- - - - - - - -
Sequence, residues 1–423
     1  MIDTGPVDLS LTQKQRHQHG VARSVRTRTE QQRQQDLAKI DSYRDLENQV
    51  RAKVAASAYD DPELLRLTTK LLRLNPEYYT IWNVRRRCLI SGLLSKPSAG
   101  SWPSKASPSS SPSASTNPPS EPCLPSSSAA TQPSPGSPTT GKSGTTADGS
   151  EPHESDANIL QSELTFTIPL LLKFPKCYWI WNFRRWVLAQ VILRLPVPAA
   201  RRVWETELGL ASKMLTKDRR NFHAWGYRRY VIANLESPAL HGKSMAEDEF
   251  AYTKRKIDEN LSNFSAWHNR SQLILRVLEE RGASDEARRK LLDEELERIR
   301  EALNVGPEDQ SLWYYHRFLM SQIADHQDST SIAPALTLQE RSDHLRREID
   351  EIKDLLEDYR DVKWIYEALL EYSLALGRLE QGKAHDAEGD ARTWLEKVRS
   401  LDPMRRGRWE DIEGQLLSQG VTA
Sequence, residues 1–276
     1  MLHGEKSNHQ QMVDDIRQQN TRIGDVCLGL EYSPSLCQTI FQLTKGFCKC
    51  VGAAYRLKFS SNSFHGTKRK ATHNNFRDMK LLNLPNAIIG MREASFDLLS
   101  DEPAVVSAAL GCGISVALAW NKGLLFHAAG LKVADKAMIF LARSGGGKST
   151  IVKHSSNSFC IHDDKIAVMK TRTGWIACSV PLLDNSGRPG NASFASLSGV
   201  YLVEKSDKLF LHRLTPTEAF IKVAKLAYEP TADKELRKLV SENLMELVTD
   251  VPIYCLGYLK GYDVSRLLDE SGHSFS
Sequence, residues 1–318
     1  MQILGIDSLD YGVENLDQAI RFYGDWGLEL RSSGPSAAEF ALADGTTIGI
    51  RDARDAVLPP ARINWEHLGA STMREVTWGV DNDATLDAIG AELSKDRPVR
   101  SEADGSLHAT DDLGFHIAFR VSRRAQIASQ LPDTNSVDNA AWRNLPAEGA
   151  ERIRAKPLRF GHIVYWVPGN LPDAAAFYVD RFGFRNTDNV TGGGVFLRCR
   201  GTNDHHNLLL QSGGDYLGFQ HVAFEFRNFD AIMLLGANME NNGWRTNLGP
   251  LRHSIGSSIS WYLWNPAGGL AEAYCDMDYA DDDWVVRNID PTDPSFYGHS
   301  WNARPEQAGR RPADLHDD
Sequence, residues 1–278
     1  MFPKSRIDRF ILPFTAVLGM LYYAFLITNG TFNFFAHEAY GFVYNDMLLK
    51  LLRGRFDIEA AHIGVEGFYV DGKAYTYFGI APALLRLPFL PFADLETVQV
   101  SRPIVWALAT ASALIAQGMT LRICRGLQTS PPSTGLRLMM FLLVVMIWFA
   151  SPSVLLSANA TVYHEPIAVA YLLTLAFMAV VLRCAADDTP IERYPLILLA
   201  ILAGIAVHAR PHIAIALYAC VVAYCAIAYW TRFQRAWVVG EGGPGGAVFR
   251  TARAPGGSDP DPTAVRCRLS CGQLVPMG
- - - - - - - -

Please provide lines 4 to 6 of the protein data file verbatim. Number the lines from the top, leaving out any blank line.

   101  SWPSKASPSS SPSASTNPPS EPCLPSSSAA TQPSPGSPTT GKSGTTADGS
   151  EPHESDANIL QSELTFTIPL LLKFPKCYWI WNFRRWVLAQ VILRLPVPAA
   201  RRVWETELGL ASKMLTKDRR NFHAWGYRRY VIANLESPAL HGKSMAEDEF